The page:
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“About 14% of patients who recovered from the novel coronavirus and were discharged from hospitals in southern China’s Guangdong province were tested positive again in later check-ups”
“All 4 patients were exposed to the novel 2019 coronavirus through work as medical professionals. Two were male and the age range was 30 to 36 years. Among 3 of the patients, fever, cough, or both occurred at onset. One patient was initially asymptomatic and underwent thin-section CT due to exposure to infected patients.
All 4 patients had 2 consecutive negative RT-PCR test results. The time from symptom onset to recovery ranged from 12 to 32 days.
After hospital discharge or discontinuation of quarantine, the patients were asked to continue the quarantine protocol at home for 5 days. The RT-PCR tests were repeated 5 to 13 days later and all were positive. All patients had 3 repeat RT-PCR tests performed over the next 4 to 5 days and all were positive. An additional RT-PCR test was performed using a kit from a different manufacturer and the results were also positive for all patients. The patients continued to be asymptomatic by clinician examination and chest CT findings showed no change from previous images. They did not report contact with any person with respiratory symptoms. No family member was infected.”
“SARS viral particles and genomic sequence were detected in a large number of circulating lymphocytes, monocytes, and lymphoid tissues, as well as in the epithelial cells of the respiratory tract, the mucosa of the intestine, the epithelium of the renal distal tubules, the neurons of the brain, and macrophages in different organs. SARS virus seemed to be capable of infecting multiple cell types in several organs; immune cells and pulmonary epithelium were identified as the main sites of injury.
Most of the infected cells were T cells. Some B cells and NK cells also were infected by the virus.
Spleen and Lymph nodes
In situ hybridization identified the SARS viral sequence in the enlarged macrophages and in the isolated and sometimes clustered T lymphocytes, which were distributed mostly at the periphery of the germinal centers of the splenic white pulp, lymph nodes, and peripheral blood
The lymphoid component of the intestine showed widespread degenerative changes. The lymphoid follicles (Peyer's patches) showed markedly decreased lymphocytes (Fig. 3 A), and in severe cases only the depleted stromal framework of the structure remained.
In addition, the epithelial cells of mucosa of the small and large intestines were found to be infected by the virus by in situ hybridization and EM
The kidneys were focally hemorrhagic.
SARS genome sequences were detected in the brain of all SARS autopsies with LM, EM, and with real-time RT-PCR. The signals were confined to the cytoplasm of numerous neurons in the hypothalamus and cortex (Fig. 3 O). Edema and scattered red degeneration of the neurons were present in the brains of six of the eight confirmed cases of SARS.
The testes of the seven male patients displayed focal atrophy.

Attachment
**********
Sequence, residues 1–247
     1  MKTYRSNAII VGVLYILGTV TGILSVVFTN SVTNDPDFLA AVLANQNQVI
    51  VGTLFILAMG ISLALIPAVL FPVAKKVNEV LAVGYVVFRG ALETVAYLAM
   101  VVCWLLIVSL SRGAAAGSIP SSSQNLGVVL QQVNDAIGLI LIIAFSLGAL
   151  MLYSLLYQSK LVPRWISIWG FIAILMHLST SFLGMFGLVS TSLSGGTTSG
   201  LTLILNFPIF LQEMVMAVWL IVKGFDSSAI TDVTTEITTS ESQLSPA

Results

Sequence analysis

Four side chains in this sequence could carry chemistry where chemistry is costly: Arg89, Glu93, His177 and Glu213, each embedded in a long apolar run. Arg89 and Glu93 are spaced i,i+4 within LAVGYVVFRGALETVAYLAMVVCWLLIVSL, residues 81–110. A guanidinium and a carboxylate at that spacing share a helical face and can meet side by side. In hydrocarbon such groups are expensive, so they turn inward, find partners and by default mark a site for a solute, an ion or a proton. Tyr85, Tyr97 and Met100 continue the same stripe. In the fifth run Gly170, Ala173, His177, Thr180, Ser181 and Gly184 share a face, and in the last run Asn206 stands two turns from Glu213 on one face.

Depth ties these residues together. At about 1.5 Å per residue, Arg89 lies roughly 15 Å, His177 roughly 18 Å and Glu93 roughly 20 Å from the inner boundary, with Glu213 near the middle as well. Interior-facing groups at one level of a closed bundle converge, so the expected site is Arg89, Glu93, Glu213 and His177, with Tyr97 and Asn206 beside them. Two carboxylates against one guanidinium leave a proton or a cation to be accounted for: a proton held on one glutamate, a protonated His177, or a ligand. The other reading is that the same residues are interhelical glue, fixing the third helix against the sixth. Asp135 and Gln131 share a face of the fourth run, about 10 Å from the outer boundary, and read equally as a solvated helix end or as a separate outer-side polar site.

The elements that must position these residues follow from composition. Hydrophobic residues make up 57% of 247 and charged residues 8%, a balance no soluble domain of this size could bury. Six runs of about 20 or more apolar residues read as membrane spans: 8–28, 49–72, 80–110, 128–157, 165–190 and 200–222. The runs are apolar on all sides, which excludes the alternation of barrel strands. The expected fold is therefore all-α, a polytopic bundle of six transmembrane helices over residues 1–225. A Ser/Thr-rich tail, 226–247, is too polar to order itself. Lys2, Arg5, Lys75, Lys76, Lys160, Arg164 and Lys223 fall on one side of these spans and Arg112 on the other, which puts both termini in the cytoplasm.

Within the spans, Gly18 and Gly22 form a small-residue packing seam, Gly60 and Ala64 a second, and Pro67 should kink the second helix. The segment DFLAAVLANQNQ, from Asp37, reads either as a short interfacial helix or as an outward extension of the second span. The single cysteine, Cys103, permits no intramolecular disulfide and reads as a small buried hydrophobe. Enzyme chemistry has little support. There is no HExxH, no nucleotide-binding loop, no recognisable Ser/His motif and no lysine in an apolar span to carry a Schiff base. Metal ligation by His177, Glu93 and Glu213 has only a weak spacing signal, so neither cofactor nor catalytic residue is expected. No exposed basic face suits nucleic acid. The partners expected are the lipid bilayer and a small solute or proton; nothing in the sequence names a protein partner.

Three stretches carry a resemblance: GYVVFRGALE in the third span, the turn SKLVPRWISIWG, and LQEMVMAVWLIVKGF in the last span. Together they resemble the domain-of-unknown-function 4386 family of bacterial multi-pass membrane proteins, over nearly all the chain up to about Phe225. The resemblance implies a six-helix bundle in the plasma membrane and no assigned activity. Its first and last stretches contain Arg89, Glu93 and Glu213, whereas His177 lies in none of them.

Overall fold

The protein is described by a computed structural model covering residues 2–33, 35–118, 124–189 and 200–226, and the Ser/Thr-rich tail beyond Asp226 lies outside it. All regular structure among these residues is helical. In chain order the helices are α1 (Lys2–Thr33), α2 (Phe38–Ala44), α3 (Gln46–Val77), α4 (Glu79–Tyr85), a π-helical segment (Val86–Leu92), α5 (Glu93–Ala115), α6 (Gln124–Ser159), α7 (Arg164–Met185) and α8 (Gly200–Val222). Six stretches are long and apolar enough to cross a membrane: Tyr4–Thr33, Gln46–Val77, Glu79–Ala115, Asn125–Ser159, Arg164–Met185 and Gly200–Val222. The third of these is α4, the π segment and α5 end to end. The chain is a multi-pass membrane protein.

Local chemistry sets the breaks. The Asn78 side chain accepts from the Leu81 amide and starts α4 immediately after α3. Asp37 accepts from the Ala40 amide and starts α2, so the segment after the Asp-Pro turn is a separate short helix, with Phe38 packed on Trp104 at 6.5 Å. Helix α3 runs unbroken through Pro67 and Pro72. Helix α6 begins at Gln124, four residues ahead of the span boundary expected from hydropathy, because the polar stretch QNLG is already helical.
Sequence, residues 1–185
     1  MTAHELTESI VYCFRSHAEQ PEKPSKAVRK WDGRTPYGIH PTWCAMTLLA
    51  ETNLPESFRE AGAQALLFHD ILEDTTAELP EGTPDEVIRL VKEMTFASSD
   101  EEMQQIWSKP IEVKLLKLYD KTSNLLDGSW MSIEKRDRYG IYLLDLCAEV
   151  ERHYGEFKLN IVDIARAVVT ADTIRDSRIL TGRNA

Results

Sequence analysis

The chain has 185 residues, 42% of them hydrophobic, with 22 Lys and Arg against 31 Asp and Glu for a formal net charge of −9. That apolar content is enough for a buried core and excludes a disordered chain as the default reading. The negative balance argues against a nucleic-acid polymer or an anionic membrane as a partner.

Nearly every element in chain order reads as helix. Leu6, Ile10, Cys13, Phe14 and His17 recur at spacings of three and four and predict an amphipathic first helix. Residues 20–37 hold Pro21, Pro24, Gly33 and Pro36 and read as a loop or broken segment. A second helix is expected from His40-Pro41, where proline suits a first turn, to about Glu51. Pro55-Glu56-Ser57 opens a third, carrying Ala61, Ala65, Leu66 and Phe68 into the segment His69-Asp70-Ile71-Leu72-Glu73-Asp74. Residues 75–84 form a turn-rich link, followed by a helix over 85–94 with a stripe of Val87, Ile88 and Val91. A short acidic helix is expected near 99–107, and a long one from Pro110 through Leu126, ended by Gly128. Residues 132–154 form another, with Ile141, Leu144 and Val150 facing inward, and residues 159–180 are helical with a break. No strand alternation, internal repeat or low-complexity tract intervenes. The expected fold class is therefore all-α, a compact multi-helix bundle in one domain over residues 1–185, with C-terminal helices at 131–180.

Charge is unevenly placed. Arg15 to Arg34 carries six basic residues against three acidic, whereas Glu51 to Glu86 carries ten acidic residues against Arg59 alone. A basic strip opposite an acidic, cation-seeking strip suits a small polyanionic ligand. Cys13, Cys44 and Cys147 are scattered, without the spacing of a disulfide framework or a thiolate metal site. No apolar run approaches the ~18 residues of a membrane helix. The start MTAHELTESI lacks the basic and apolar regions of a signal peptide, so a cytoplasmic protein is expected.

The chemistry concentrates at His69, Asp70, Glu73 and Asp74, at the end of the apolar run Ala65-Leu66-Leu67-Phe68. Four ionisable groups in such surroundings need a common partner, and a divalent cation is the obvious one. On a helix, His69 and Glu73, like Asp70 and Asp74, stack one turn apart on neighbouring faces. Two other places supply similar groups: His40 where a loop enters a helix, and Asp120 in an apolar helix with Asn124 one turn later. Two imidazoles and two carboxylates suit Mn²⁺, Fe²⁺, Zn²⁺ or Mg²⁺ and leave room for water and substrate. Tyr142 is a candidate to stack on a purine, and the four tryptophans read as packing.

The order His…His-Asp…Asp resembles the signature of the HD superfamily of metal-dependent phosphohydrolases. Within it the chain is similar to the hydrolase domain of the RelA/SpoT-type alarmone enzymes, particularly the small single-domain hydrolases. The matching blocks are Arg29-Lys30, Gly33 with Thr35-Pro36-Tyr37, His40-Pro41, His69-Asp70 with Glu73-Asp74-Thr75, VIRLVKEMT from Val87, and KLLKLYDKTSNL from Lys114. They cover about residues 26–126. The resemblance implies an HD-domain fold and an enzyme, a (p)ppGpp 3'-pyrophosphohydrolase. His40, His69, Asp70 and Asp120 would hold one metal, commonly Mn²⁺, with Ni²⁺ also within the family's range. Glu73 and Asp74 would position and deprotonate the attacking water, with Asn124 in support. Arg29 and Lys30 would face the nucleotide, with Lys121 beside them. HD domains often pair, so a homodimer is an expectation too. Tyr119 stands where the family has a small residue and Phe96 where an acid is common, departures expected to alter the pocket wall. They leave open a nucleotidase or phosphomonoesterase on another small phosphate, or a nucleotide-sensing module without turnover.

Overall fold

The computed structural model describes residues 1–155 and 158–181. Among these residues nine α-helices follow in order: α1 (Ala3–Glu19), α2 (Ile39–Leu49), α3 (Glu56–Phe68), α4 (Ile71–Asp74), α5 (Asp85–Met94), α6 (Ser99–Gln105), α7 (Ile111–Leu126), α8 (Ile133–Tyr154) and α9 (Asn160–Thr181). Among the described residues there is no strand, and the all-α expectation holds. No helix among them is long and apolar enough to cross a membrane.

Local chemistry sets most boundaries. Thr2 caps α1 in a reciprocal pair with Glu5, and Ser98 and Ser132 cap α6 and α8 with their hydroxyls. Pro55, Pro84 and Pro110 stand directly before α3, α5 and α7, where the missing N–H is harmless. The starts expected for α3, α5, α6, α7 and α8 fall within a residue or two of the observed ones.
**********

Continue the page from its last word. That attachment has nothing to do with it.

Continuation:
It is evident that infection by the SARS virus is not confined to the lungs, but also involves other parts of the respiratory tract and other organ systems, most importantly immune cells, particularly the T lymphocytes, monocytes, and macrophages. The finding of early and consistent decreases of T lymphocytes in 65 patients who had SARS, but not in the 35 misdiagnosed patients, further suggests that lymphocyte damage is the hallmark of SARS. Administration of glucocorticoids contributed to a decrease in lymphocyte counts in both groups of patients; however, the difference in counts between the two groups persisted after glucocorticoid therapy. It was reported that lymphopenia is one of the earliest changes, and is a reliable prognostic predictor in SARS (13–18). An extensive literature search has not revealed a report of any other type of pneumonitis producing such severe lymphopenia. As the only logical explanation for the early and consistent lymphopenia that is demonstrated in patients who have SARS, we suggest that lymphocytes—particularly T lymphocytes—are infected and destroyed by the virus or by other immune cells.
The observation of virus in neurons may provide an explanation for the higher than usual incidence of neuronal and psychologic abnormalities that are seen in patients who have late-stage SARS
The damage to the immune system, more than damage to the lungs, determines whether a patient recovers or dies from the infection. In a way, the name “sudden acute respiratory syndrome” is inappropriate because it diverts attention from the primary pathologic changes that result from SARS virus infection. It must be emphasized that immune damage most likely is the primary determinant of clinical outcome.”
“While MHV proteins are generally restricted to the cytoplasm, the nucleocapisd proteins of coronaviruses representing groups I, II, and III were shown to localize to the nucleolus as well as to the cytoplasm (343). This report suggests that N protein induces a cell cycle delay or arrest, most likely in the G2/M phase, possibly by inhibition of cytokines.
the E protein of SARS-CoV has been shown to induce apoptosis when expressed in Jurkat T cells, and this activity is inhibited by expression of the antiapoptotic protein Bcl-xL (348). Those authors suggest that T-cell apoptosis may contribute to the SARS-CoV-induced lymphopenia that is observed in most SARS patients.
Like other RNA viruses, all coronaviruses encode, in addition to structural proteins and replicase proteins, small nonessential proteins of unknown function. There are many examples of such proteins, encoded by RNA viruses, which interact with and compromise the alpha/beta interferon response
Analysis of gene expression of PBMCs of SARS patients by using a microarray platform that includes more than 8,000 gene sequences suggests that the response of SARS patients seems to be mainly an innate inflammatory response, rather than a specific immune response against a viral infection. Those authors did not find significant upregulation of major histocompatibility complex class I genes or major cytokines, including IFNs (IFN-α, IFN-β, and IFN-γ), or genes involved in complement-mediated cytolysis. They concluded that the immune response against the SARS-CoV may be different from that in other viral infections or that the virus may be using an unusual strategy to evade the host immune system and cause the pathogenesis and mortality.